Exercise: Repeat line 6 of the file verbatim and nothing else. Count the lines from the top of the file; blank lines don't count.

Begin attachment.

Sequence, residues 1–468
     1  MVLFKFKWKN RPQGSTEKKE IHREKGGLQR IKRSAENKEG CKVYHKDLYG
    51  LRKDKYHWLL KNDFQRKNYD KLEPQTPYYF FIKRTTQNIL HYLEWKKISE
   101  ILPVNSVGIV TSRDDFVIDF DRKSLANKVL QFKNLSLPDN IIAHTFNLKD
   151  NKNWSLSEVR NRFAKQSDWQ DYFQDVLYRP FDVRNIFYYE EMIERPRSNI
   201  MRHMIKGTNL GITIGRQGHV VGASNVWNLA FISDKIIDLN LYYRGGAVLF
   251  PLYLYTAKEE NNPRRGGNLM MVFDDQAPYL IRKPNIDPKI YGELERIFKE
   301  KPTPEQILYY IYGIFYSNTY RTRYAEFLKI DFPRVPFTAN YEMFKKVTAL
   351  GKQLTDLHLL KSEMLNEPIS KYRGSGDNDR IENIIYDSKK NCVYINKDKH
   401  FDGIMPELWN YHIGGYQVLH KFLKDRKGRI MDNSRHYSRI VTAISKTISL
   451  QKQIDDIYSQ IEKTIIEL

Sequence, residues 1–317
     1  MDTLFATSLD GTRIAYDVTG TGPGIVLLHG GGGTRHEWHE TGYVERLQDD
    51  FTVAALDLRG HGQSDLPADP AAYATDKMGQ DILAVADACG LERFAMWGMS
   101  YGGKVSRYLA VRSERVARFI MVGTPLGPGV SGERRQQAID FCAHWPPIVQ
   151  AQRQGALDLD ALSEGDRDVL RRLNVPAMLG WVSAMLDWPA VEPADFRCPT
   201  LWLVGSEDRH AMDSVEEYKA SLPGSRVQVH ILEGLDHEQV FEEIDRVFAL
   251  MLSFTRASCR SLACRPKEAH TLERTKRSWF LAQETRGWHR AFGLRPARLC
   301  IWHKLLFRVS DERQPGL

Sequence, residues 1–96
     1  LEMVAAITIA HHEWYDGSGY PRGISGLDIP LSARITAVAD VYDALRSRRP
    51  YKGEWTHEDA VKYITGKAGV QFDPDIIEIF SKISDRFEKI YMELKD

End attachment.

   201  MRHMIKGTNL GITIGRQGHV VGASNVWNLA FISDKIIDLN LYYRGGAVLF